Facebook Has 4 Experts Weigh In on Data Portability

The social network’s Hard Questions series continues

Where do you stand on the data portability debate?
Facebook

Data portability between Facebook and other applications was the focus of the latest installment in the social network’s Hard Questions series.

Director of public policy Matt Perault introduced a series of four guests posts weighing in on the topic, writing, “Being able to take our information from one app or service and move it to another makes our lives more convenient and promotes innovation. But, as we’ve seen with Cambridge Analytica, when third parties are able to access people’s information, even with their consent, that can also raise privacy concerns. That’s why we’re working with organizations and experts across the industry to develop approaches that make sure people can move their data between services in ways that protect their privacy.”

Highlights follow from the four guest posts:

Kevin Bankston, director, New America Foundation’s Open Technology Institute:

Facebook has long treated its possession of your friends’ contact information as a key competitive advantage, making it difficult for users to collect or export it. For example, when users were first able to share an email address with friends on their profile page, it was displayed as a graphic rather than text, so that it couldn’t be cut and pasted. Some users may also recall when Facebook, in 2012, temporarily replaced users’ non-Facebook addresses with new “@facebook.com” addresses by default, making it harder to obtain off-Facebook contact information about your friends. And although there’s a hard-to-find setting where Facebook users can allow their friends to download their contact information, it is by default set not to allow such downloading—one of the rare Facebook settings that defaults away from, rather than toward, more sharing with friends.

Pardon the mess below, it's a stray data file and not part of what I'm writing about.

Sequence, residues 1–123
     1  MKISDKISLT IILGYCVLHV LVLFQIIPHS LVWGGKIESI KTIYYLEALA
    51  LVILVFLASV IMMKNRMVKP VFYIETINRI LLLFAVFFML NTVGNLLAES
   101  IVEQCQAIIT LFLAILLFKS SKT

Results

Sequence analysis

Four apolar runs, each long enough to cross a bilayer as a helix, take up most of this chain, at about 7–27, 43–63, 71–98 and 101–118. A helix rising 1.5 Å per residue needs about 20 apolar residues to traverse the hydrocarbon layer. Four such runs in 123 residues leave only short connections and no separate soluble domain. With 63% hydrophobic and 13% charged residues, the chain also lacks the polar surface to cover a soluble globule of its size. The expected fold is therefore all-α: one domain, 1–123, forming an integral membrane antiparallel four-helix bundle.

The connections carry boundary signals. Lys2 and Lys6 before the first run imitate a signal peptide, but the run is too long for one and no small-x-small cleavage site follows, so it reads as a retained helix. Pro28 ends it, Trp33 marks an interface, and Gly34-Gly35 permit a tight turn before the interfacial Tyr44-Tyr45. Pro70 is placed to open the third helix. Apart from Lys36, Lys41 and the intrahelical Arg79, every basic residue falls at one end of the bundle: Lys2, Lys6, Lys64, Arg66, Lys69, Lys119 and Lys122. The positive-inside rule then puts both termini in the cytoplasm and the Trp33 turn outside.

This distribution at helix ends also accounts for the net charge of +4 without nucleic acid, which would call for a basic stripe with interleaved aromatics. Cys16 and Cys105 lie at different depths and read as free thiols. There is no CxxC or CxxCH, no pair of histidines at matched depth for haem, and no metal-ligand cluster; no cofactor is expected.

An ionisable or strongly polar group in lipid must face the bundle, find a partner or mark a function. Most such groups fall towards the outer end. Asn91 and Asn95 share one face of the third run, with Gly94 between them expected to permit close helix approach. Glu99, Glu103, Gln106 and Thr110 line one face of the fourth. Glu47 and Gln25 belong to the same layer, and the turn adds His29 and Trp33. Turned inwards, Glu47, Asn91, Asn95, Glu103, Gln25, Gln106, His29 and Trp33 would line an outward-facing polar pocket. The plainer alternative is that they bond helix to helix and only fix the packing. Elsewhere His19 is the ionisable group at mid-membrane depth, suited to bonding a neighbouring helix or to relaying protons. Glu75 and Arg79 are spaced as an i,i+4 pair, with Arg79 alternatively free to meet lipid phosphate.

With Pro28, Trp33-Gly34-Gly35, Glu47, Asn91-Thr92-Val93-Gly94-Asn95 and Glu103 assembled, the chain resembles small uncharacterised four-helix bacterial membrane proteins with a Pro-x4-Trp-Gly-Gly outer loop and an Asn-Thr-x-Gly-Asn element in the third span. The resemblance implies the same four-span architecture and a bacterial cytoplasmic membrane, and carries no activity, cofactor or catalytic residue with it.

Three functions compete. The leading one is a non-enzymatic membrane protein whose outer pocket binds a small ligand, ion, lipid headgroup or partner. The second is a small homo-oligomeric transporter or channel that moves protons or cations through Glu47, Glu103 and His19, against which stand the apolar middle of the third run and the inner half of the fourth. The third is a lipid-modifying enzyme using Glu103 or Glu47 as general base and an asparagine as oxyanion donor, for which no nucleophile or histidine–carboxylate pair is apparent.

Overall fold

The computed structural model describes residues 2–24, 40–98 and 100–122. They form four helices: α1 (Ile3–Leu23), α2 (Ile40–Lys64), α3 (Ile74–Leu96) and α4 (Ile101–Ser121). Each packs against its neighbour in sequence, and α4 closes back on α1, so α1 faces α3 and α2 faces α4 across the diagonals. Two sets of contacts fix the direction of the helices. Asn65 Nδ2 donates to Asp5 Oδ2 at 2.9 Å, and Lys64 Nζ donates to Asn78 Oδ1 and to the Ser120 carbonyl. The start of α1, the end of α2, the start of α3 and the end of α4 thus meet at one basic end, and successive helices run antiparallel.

Facebook has consistently justified its attempts to restrict sharing contact info as a privacy and security measure, but the alignment with its own business goals was always more than a little convenient. That’s rather ironic, considering that a huge part of Facebook’s meteoric growth was driven by importing contact information from other services.

Data portability—letting someone download their data and transfer it elsewhere—isn’t the only way that people can leverage their Facebook data on another service. There’s also interoperability—the ability to use the Facebook Platform API (application-programming interface) to run an app that can make use of your Facebook data on an ongoing basis. The problem is that Facebook’s policy for app developers has long required that in order to make full use of the API, apps “can’t replicate core Facebook features or functionality, and must not promote [their] other apps that do so.” For example, “your app is not eligible … if it contains its own in-app chat functionality or its own user generated feed” akin to Facebook’s messaging product or Facebook’s News Feed. If Facebook wants to shed its image as a platform monopolist, it needs to remove this anti-competitive provision and allow users to easily make use of their Facebook data on interoperable competing services.

Mark Jamison, director and Gunter professor, Public Utility Research Center:

If users of these products feel like renowned science-fiction star Truman Burbank, who discovers that his whole life has been captured by hidden cameras, it’s for good reason. Too many social media companies have allowed people to remain ignorant of how they’re being watched and who’s doing the watching.

If customers like portability and companies want to provide it, then it’s a win-win. But legislating portability in the name of enhancing competition is problematic and far more complicated than policy makers may realize.

Unfortunately, it may be too late to avoid some of the regulatory and legislative fallout. But the options being considered—open vs. closed systems and data portability—seem to miss the impetus for the user outcries. Users are upset because they’re surprised and dismayed by revelations about how tech companies use people’s data. They feel they lost something that was rightfully theirs.

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